A Word to Fox News from the Radical Anti-Peanut Lobby

I really didn't plan to post today.  Unfortunately, I ran across an extraordinarily ugly piece of video, an incendiary fluff piece on Fox News with "public relations consultant Fraser Seitel" decrying the decision of Major League Baseball to create peanut free seating zones at some games as a bad business decision.  Go ahead and watch it yourself, if you haven't seen it already.  (Thanks to @AllergyEats for bringing it to my attention.)

If you're like me, you felt like you'd been punched in the gut after watching it.  Host Shepard Smith did a good job of bringing up important points, such as the life threatening nature of peanut allergies, how making accommodations for other disabilities, like providing wheelchair access, is routine, and the fact that the peanut free sections sell out every time.  Still, Fraser Seitel's mockingly delivered attack left more than an unpleasant taste in my mouth.  It left me wondering what on earth prompted such a vicious assault on a reasonable accommodation that brings more fans to Major League Baseball stadiums.

Let's take a closer look at the segment.  It begins with the obligatory reference to the song about "peanuts and Cracker Jack" and leads with a quote from this New York Post article by a Mets season ticket holder who is excessively distraught at the idea of baseball without peanuts.

Cue Fraser Seitel.  (Transcript is my own and I apologize for any errors.)
Let me tell you something.  This guy is a season ticket holder at the Mets, he's got more to worry about than peanuts.  It's, it's heretical, you know?  Buy me some tofu and bean curd pie?
So we're a bunch of vegan hippies who want to keep you from eating hot dogs, too?  It's a quick jab, but it's there, delivered as a "joke".
I mean it's... here are the numbers.  Consider the numbers.  There are three million people who are, uh, unfortunately afflicted with allergies from peanuts.  It can be horrible.
Sympathy for people with peanut allergies.  Check.
Three million people, that's one percent of the population, many, presumably less of that number are baseball fans, even less than that go to baseball stadiums.  Meanwhile there are 73 million people who attend baseball games.  So you're kowtowing to a very tiny minority.  It's a slippery slope and it's a bad idea.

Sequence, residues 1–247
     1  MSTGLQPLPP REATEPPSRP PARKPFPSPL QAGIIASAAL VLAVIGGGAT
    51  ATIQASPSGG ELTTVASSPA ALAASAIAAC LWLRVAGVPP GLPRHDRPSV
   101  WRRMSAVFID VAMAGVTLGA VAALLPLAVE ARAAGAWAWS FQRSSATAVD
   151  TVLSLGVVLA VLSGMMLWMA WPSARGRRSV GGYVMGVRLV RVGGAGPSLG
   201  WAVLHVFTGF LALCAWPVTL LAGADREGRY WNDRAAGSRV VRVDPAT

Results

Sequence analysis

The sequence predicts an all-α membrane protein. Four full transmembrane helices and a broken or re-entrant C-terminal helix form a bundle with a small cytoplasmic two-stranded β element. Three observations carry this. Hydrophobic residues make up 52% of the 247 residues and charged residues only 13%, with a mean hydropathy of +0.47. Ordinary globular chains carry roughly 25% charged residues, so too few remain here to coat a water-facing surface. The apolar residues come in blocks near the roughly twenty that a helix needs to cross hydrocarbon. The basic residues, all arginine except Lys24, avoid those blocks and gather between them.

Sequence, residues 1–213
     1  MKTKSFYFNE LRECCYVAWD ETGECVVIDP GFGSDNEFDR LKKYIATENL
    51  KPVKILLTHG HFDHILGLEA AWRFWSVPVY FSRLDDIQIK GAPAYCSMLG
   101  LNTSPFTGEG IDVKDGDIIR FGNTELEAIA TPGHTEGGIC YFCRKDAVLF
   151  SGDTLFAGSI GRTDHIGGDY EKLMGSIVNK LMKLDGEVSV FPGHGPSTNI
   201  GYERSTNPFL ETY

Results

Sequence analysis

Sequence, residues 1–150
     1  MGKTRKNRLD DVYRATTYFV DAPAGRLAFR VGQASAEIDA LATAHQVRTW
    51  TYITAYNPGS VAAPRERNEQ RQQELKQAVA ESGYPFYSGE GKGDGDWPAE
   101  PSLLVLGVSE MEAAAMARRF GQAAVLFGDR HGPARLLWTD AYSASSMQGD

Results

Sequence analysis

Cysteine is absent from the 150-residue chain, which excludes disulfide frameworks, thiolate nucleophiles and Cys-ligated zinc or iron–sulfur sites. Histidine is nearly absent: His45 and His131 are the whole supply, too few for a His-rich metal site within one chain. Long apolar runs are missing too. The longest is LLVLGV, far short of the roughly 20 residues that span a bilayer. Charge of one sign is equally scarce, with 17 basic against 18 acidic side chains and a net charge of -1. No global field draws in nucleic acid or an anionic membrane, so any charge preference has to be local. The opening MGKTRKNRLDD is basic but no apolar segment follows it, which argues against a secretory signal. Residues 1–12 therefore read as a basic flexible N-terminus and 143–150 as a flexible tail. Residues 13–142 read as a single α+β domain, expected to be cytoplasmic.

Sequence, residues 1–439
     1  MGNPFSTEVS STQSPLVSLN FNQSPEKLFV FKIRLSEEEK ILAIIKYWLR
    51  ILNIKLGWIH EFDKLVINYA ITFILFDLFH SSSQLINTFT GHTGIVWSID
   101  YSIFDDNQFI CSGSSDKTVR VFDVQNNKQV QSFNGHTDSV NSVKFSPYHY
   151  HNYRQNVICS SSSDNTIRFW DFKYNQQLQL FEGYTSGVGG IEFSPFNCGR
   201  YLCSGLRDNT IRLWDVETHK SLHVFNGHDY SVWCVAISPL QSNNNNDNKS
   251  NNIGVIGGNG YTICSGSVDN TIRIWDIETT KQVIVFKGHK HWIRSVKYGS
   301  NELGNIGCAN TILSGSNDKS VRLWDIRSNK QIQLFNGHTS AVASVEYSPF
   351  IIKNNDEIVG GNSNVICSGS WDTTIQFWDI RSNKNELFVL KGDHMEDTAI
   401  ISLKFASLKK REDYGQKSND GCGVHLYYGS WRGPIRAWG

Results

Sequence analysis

Wait, now peanut free seating is kowtowing to the 1%?  This time the insult is disguised as "reason" and appeals to a completely different demographic.  Shepard Smith then makes a few good points and mentions that the Mets have had a couple games with peanut free suites available.  Everyone agrees that peanut allergy deaths are bad, and Fraser Seitel is at it again.
Now that's right...and, and OK like the Mets did, if you want to devote a suite to it for several games, that's fine.  The Mets, the Mets can do anything they want to get people to come to that stadium.  For the Yankees to do it, to devote a section to peanut free attendance, that is a real slippery slope, because then I'm allergic to hot dogs, I'm allergic to beer or whatever.
So it's OK to make accommodations for people who can afford suites, but not anyone else, because the next thing you know, there'll be a beer free section!  Besides, the only reason the Mets are doing it is because that's the only way they can get anyone to come to their games.
Plus the fact that the newest sponsor at Yankee Stadium this year is Goldenberg Peanut Chews, you know the delicious little candies?  Can you imagine Mr. Goldenberg now hearing this?  I mean it's the dumbest decision the Yankees have made since trading Jay Buhner for Ken Phelps.
Mr Goldenberg, I'm available for PR work.  Call me.
[Cross talk.]  There are eight teams doing it.  It's a trend. The peanut, the anti-peanut lobby is very, very radical and very forceful and nobody can find out, it's a mysterious lobby, nobody can get under the skin to find out, so to speak, because they're hidden behind shell companies. [Laughter and more puns.]
Ba dum, ching!  That's right, it's all in good fun, can't you parents of children with life threatening peanut allergies, i.e., mysterious and radical lobby, (nasty buzz words, if I've ever heard them) take a joke?